Brent Bozell

In the Bush years, poll results that showed the American people losing confidence in their president were featured routinely on the front page of major newspapers like The Washington Post. But when the Post discovers that President Obama's ratings are collapsing, you need a search party to find where inside the paper they're buried.

On April 26, the Post offered three stories on polls, each with bad news for Obama. The only one mentioned on the front page (in the very bottom right-hand corner) was a Post/ABC poll showing "rising gas prices are leading Americans to drive less, and hurting the president's popularity." From there, the reader would have to travel to page A-12.

"Hurting" is an understatement. Only 39 percent of those who called gas prices a "serious financial hardship" approve of Obama's performance as president. Among independents who found hardship, 67 percent disapprove of Obama. Ouch.

The Post said this hardship could "slow Obama's reelection campaign." Again, that's putting it mildly. Sixty percent of independents feeling the pain of gas prices said they would definitely not vote for Obama. In a match-up with Mitt Romney in that bracket, Romney wins by 24 points.

Turn the page backward, and on page A-10, there's another story. More Americans disapprove of Obama's management of the war in Afghanistan than support it: 44 percent approved, 49 percent disapproved. Once again, just focus on the independents: 53 percent disapproved of Obama's handling of Afghanistan.

Remember the daily barrage of George W. Bush (lack of) approval stories during the Iraq war? Where are those same "reporters" now? Turn the page backward one more time, and on page A-8, there's perhaps the most shocking poll story: Egyptians still disapprove of America. This poll came from the Pew Global Attitudes Project, created in 2002 by liberals at Pew to underline global dissatisfaction with Bush. Last spring, they announced with great fanfare -- this is their own press release headline -- "Obama More Popular Abroad than at Home, Global Image of U.S. Continues To Benefit."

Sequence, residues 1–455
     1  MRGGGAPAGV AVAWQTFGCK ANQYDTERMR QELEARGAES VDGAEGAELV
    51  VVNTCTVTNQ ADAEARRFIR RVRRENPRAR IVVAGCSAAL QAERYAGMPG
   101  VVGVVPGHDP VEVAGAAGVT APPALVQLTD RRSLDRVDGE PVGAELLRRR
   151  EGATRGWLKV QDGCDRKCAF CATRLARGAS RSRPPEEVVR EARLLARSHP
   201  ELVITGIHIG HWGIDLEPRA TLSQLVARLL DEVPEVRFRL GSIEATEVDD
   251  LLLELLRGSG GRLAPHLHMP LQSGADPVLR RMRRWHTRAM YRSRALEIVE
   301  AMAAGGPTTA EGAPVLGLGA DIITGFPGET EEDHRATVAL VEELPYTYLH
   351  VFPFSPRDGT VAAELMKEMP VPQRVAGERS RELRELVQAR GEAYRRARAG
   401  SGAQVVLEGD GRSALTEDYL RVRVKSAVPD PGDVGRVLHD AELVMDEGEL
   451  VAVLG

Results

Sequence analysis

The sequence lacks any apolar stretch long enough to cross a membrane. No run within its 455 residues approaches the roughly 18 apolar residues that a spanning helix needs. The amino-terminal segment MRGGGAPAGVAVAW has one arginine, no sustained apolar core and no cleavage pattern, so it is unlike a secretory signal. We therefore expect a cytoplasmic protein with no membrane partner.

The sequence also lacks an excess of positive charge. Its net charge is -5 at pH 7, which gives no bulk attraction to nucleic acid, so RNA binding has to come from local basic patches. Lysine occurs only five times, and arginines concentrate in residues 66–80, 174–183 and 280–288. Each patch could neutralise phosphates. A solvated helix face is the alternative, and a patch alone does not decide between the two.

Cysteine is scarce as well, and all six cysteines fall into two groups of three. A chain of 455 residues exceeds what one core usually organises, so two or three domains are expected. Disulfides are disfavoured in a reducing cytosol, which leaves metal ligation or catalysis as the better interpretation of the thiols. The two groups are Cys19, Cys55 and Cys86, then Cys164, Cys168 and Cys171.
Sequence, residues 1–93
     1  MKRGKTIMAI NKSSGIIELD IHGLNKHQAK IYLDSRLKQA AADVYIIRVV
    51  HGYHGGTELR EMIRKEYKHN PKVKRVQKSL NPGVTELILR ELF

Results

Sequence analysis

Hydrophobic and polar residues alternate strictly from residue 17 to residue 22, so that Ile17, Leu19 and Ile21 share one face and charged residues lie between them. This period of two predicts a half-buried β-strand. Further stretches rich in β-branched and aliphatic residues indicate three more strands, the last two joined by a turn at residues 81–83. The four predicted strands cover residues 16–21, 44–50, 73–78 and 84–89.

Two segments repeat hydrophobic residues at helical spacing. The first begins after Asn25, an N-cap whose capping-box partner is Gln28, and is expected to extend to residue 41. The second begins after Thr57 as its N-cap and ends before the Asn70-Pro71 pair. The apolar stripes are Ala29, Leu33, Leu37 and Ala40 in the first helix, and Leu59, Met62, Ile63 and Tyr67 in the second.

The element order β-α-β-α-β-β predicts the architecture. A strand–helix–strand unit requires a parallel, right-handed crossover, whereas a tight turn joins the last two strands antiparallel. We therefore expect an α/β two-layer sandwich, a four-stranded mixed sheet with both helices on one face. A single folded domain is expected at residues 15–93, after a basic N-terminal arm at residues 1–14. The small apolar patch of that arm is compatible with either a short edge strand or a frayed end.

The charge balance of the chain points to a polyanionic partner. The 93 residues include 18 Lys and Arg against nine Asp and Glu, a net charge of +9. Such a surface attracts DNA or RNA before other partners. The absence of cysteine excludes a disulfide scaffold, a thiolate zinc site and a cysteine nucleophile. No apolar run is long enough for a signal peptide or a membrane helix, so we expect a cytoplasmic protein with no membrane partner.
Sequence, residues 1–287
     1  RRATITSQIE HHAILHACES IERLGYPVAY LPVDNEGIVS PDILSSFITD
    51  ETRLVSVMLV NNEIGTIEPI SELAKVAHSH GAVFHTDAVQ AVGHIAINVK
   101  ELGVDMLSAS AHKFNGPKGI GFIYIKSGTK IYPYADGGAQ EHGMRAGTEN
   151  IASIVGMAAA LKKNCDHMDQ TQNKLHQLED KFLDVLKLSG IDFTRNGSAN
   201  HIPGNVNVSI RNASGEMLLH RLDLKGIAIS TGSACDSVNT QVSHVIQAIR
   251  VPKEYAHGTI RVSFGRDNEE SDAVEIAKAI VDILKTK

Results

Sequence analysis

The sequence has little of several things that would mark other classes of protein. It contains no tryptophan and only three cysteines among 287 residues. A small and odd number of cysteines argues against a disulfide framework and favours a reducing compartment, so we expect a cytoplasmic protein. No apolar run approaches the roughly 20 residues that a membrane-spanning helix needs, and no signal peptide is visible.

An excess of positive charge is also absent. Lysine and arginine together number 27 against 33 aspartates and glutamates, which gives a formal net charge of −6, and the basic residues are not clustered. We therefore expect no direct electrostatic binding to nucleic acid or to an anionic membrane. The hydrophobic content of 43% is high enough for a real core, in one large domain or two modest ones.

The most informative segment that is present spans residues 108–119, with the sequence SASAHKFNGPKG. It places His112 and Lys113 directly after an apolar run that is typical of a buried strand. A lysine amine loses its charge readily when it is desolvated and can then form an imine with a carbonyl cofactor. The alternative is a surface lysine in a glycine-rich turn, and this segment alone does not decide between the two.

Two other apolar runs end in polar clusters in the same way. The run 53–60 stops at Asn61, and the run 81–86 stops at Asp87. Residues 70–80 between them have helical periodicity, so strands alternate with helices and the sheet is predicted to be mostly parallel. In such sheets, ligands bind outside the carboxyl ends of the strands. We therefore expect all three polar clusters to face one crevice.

Whoops. What they're finding now is that when Pew sampled Egyptians to see if they had a favorable or unfavorable view of the United States, just 20 percent of Egyptians have a favorable view of the United States, compared to 79 percent unfavorable.

How could this be, after our media hailed Obama's "historic" speech in Cairo in 2009, bowing deeply to what "the holy Koran tells us," telling how he loved as a child to hear "the call of the azan at the break of dawn," and playing up "civilization's debt to Islam"?


Brent Bozell

Founder and President of the Media Research Center, Brent Bozell runs the largest media watchdog organization in America.
 
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